1. ‘…the less he spoke, the more he heard…’ I like this quote, Frank. And with the more you hear, the more you realise that not everything being spoken is wise! 😂 Although sometimes, I do wish I’d listen more to what I’m saying too! 🙄😊
    Happy Saturday!

    Liked by 1 person

  2. Lots of wise remarks about wisdom – I’d like to think that as we get older we FEEL more wise due to our experiences and lessons learned but there’s no guarantee that’s the case. I just know that I’ve been wise enough to avoid some pitfalls and wise enough to pick myself up and move on when I didn’t avoid them.

    Hugs, Pam

    Liked by 1 person

    1. Pam,
      Thanks for shouting out readers because they deserve it. I agree that age isn’t a guarantee of wisdom. Then again, maybe it is from the individual perspective – meaning they my not be wise for our point of view, but they are wiser now than before. Then again, that’s also a scary thought. 😉 Thanks for sharing.


  3. The thing is, smarts only go so far. Lots of smart people in the world, but how many possess the wisdom to chart a course? Nicely woven collection of people’s thoughts on the topic, Cincy.

    PS- The Cincy Mayor has smarts, but he seems to be lacking the wisdom when it comes to thinking something and actually putting it out there! 😉

    Liked by 1 person

      1. Smart is knowing how to crack a safe. Wisdom is knowing who to hire as your extraction team. The details matter, in everything.

        The Mayor’s people . . what the hell are THEY doing? Doesn’t one person in the group go “Hey Boss, no this ain’t it,”? And really, why in the blessed hell does the mayor need to be told in the first place?

        And Eli Apple going off? Does he maybe forget that he’s got a long way to go to justify his busted past? Shush and play man!

        All that said, I still want you guys to win it all, but Mahomes is going to be ready to end the schneid. Should be a classic.

        Liked by 1 person

              1. I have noticed a lot of “Rigged” nonsense going around and that’s not where I’m coming from. The league isn’t rigging games, they don’t have to. There’s no sense to it since they could get half the country to watch two teams play in a parking lot. My problem is that with this matrimony with legal gambling companies, it’s a slippery slope. All it takes is one or two individuals to change the way the sporting public views the league. Would it survive such a scandal? Probably, but it wouldn’t be the same.

                Liked by 1 person

        1. Very impressive & Happy 13th! I imagine many bloggers start out then stop within a couple of years. I was at AFA for 11 1/2 years … then started this one (Oct 2020) as a fresh start & different format. I wonder about those operating 2 blogs at the same time.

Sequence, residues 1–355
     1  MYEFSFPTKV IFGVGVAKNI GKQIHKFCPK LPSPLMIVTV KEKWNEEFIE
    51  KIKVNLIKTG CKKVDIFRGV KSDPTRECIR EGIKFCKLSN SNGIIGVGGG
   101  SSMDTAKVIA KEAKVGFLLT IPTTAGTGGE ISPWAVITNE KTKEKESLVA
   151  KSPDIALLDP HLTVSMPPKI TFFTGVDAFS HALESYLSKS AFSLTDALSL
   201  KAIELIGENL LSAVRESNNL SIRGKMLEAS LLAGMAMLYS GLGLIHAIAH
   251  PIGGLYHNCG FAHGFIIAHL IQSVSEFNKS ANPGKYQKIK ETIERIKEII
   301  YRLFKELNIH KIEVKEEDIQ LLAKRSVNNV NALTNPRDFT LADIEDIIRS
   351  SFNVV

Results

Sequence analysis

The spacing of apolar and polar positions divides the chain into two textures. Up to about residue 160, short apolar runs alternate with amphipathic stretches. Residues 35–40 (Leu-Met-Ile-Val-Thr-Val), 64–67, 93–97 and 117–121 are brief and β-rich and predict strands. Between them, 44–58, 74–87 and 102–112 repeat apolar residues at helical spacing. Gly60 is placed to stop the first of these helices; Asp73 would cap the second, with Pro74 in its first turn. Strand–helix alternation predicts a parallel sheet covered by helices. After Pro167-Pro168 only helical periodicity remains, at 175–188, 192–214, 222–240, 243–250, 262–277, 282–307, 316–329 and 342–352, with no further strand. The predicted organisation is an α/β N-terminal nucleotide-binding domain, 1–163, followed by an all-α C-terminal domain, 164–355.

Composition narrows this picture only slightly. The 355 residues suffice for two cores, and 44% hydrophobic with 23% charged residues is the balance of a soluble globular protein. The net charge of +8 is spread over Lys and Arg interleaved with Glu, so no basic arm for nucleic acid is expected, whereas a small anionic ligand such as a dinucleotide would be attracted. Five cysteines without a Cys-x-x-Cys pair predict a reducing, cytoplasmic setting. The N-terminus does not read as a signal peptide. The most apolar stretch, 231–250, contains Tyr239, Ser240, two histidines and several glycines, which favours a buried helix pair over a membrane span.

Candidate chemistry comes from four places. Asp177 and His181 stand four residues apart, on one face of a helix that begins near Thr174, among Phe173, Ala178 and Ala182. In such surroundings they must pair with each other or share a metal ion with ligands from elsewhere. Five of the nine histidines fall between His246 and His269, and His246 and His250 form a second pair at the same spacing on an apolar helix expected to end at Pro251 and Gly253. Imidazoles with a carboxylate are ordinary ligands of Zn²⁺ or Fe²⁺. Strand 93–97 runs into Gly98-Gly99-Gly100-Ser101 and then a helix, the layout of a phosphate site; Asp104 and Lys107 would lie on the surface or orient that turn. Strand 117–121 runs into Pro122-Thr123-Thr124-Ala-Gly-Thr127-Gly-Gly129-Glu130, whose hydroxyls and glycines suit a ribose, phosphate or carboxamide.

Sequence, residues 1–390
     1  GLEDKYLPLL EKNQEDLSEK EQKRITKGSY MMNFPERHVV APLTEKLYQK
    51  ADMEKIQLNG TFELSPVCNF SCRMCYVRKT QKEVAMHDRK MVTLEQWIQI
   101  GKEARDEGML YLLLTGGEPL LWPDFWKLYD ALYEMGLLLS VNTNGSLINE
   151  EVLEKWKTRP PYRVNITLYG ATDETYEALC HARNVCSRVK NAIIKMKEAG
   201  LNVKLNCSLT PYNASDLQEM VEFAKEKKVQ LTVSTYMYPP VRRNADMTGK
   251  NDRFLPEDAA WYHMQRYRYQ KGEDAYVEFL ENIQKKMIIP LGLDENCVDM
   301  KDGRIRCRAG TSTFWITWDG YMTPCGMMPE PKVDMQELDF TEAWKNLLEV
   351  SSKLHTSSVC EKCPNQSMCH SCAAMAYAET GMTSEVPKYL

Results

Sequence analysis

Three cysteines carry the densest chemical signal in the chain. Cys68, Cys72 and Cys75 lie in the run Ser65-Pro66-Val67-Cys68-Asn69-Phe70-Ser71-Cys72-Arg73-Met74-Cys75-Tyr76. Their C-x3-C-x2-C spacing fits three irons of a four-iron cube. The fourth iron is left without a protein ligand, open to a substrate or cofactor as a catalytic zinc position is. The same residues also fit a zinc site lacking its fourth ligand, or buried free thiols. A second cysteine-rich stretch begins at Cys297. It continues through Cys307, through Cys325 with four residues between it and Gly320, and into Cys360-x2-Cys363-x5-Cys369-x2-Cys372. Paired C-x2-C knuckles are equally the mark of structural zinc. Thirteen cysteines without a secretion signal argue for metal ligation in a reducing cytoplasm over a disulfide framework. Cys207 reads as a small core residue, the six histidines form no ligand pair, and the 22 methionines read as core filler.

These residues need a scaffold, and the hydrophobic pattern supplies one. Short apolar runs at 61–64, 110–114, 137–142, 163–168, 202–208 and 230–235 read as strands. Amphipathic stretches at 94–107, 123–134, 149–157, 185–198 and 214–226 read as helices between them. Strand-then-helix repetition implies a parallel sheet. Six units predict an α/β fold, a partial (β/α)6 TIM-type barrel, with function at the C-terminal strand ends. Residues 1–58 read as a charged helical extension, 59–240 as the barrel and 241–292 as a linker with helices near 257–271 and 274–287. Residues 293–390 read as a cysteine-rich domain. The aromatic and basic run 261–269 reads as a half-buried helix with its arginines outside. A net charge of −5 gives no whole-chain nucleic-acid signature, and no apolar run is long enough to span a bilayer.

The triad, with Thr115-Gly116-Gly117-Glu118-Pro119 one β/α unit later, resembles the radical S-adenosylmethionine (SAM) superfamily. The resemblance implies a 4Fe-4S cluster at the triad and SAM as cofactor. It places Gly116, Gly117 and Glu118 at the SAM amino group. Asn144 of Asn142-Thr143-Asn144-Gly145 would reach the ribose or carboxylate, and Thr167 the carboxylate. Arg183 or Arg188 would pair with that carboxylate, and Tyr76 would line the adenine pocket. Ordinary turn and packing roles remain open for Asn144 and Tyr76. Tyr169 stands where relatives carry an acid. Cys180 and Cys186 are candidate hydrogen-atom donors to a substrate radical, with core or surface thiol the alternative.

4. Wisdom is something we all need in our lives. But I am afraid many people who deem themselves wise are actually not wise at all. I always think of the young 20 year olds in college who think they know more than their parents. Life teaches wisdom as we learn from our mistakes. Good old horse sense helps.

    Liked by 2 people

    1. Peggy,
      Good points. I image the young thinking they know more than their parents is a common thing that happens with each generation. Kind of like what goes around, comes around. Life experiences are worth a lot … and that only comes one way. Then again, certain people thinking they are wise is another consistency from one generation to the next. Thanks for walking along and sharing.

      Liked by 1 person

  5. Oh, excellent! Many of us grow too soon old and not wise soon enough. I especially liked your observation that we are all a collection of stories. The writer in me wonders what would happen if you took those stories away. A good plot for a fantasy novel.

    Liked by 1 person

  6. Another lovely walk, Frank … and that pianist is quite good! I had to look up Fibonacci Sequence (yes, what we don’t use regularly gets filed too far back to call it forward sometimes!) Fascinating number sequence!

    Liked by 1 person

    1. Debbie,
      Thank you for the kind words. Thumbs up credit to the readers who provided excellent comments for me to compile. Glad you enjoyed the video. Yes – a wonderful pianist …. and putting it to music is a joy! Fibonacci is something that has made its way into a few other parts in both the past and in the future. Thanks for walking along and sharing.

      Liked by 1 person

    1. Cindy,
      Thanks for the kind words, but props should go to the readers who made them because all I did was select and compile what I thought were the best comments then attempt to weave them into something meaningful. Nonetheless, we gain wisdom everyday … and for those who take the time to think & reflect gain more wisdom than those who dont’t. Thanks for sharing.

      Liked by 1 person

  7. I enjoyed all these bits of wisdom but this one especially caught me eye: “Wisdom is the ability to evaluate the difference between knowing and understanding – about learning from experiences, not just having them.” I also like the wisdom, common sense, understanding link/idea. Excellent post, all who contributed and Frank as collector and dispenser.

    Liked by 1 person